The Finnish alphabet is based on the Latin script as well as on the Swedish alphabet, Swedish also being the second official language in Finland. Officially the Finnish alphabet comprises 28 letters: A, B, C, D, E, F, G, H, I, J, K, L, M, N, O, P, Q, R, S, T, U, V, X, Y, Z, Å, Ä, Ö although the letter W is also commonly listed behind the V.
The main peculiarities in the Finnish alphabets are the last letters Ä and Ö. Finns refer to them as ääkköset, playfully changing the Finnish word for alphabets, aakkoset. The letter Å, is commonly known as “The Swedish O”, since it actually isn’t used in Finnish words.
Of the letters in the Finnish alphabet, many are not used in typical Finnish words. Letters such as Q, X or Z don’t exist in the Finnish language. Some others, like B, are mainly used in new Finnish words that have been derived from the English language: banaani – banana or bussi – bus. Finns have also developed this funny habit of changing common foreign words to sound and look like Finnish, by adding an “i” at the end.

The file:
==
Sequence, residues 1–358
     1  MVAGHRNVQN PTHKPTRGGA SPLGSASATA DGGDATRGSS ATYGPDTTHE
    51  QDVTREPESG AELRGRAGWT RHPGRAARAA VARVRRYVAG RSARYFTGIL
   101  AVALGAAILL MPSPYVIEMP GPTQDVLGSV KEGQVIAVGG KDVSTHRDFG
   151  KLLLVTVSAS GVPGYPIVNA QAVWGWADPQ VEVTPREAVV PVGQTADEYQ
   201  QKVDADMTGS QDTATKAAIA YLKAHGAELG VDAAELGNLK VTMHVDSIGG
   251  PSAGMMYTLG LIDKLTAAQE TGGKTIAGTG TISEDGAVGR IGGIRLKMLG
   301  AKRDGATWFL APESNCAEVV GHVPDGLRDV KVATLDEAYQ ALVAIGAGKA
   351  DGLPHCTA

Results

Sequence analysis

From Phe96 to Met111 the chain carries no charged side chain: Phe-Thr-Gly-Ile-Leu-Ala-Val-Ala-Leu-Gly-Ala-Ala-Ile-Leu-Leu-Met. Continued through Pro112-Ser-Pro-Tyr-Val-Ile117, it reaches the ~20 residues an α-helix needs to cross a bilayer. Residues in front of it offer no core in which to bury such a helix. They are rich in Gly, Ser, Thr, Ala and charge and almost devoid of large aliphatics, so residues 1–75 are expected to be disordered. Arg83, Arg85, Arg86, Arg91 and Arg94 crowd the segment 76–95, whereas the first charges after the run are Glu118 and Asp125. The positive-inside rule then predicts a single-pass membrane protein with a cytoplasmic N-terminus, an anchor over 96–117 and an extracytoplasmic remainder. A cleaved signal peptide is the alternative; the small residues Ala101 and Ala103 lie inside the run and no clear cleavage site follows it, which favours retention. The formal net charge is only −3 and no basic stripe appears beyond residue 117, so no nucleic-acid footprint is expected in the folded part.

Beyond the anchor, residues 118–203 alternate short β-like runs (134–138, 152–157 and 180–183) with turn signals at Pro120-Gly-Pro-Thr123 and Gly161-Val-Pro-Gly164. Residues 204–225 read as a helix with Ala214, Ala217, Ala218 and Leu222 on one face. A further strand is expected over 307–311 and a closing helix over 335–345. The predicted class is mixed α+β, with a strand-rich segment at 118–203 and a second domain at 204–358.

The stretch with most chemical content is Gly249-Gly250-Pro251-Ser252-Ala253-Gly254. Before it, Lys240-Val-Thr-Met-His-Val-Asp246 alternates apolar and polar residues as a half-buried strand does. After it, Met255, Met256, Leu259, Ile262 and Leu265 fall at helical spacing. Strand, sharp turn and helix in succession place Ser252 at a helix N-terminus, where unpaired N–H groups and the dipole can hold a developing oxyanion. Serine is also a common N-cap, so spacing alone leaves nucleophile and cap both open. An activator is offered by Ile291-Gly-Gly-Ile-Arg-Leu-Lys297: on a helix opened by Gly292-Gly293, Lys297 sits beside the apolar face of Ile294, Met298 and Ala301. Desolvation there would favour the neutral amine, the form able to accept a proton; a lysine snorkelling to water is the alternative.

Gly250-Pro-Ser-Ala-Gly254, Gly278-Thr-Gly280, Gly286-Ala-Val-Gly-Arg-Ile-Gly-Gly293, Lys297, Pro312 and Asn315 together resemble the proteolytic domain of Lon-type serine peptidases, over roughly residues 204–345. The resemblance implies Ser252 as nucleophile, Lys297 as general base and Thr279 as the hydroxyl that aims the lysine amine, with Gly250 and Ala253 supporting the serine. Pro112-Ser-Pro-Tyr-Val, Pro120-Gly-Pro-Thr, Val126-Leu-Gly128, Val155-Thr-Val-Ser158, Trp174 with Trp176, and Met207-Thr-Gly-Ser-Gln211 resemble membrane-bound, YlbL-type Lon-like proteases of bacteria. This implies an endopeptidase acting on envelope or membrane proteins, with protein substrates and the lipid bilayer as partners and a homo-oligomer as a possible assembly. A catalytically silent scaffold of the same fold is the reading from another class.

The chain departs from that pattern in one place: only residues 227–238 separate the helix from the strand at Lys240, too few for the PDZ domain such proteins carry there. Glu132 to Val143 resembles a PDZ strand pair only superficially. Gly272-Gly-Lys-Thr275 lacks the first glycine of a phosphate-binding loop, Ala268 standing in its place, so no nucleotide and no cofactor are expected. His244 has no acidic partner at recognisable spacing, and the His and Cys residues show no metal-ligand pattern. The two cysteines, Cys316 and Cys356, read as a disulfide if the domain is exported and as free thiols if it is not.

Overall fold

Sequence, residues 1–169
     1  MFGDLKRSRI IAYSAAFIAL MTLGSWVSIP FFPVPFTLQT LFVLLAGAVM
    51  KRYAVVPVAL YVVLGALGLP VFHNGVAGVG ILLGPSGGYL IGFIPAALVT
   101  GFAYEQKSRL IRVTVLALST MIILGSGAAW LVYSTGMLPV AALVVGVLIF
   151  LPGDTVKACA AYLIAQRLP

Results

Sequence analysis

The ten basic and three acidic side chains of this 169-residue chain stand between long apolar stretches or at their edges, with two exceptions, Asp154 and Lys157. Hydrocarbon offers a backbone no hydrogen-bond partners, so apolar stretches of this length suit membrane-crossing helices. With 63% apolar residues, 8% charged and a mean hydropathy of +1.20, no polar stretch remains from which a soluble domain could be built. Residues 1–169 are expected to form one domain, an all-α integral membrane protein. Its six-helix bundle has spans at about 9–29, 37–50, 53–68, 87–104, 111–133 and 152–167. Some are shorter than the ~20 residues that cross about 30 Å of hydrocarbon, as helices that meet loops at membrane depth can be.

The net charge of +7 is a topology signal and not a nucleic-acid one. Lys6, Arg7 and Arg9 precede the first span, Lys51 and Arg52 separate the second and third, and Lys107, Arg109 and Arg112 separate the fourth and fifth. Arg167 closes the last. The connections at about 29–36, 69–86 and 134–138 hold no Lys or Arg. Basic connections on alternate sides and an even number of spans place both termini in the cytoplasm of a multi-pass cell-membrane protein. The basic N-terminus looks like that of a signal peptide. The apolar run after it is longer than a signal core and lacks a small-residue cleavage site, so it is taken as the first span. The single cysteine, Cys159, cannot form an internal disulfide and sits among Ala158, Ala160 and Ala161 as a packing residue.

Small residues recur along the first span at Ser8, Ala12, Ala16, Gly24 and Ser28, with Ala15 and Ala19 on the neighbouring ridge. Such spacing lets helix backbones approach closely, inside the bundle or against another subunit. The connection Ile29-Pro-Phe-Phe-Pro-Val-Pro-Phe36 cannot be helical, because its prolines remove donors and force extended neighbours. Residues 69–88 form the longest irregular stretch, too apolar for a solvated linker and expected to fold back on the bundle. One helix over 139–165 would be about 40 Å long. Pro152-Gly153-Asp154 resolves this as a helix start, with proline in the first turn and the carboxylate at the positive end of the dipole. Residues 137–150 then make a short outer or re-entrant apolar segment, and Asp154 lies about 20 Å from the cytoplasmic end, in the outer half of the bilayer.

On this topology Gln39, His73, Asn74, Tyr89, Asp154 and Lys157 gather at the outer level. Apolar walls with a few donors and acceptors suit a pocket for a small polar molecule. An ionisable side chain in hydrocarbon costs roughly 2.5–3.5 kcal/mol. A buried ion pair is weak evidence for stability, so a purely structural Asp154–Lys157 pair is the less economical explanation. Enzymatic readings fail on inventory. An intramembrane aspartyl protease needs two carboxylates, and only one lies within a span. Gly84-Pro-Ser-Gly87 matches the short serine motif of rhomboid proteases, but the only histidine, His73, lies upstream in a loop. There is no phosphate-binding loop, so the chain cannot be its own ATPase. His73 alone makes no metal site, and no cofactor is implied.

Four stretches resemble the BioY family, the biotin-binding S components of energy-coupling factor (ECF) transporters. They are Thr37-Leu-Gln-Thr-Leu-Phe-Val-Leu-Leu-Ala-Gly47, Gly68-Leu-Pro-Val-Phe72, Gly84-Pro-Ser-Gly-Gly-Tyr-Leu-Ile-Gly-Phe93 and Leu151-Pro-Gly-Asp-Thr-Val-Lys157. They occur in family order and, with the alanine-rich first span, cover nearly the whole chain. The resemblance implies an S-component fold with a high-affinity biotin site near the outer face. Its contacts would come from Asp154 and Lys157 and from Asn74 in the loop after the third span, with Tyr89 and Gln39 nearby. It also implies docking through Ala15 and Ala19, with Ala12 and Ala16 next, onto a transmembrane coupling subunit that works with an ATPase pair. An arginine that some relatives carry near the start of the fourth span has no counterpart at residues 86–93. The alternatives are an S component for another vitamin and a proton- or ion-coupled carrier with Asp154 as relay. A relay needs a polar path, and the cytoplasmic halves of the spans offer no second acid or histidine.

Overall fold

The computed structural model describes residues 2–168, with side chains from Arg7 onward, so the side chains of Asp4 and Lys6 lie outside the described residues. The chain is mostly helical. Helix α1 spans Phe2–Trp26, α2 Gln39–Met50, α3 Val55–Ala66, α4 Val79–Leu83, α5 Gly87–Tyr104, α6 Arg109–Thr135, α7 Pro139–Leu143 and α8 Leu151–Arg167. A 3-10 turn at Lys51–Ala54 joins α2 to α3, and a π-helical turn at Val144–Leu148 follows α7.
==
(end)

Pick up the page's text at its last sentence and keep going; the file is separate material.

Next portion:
Common Words and Phrases
Finnish language has a very difficult grammar but basically the pronunciation has simple rules. Each letter stands for one sound and is pronounced in the word. Vowels and consonants may be either short or long – short sound is written with a single letter and a long sound with a double letter. This can be the tricky part when learning to pronounce Finnish words, because it is essential to recognize the difference between such words as tuli (fire), tuuli (wind) and tulli (customs). The mains stress in Finnish is always on the first syllable, although it might be spoken so softly a foreigner might not even notice this.
The ”ääkköset”, letters Ä and Ö, can be difficult for non-native speakers to pronounce properly, especially in combinations. Try yourself with good night greeting “hyvää yötä” or good day “hyvää päivää”. Don’t forget to distinguish the short and long sounds!
Luckily, Finns in general speak very good English so no need to worry if learning to speak Finnish seems too difficult.
Online Finnish lessons for kids: dinolingo.com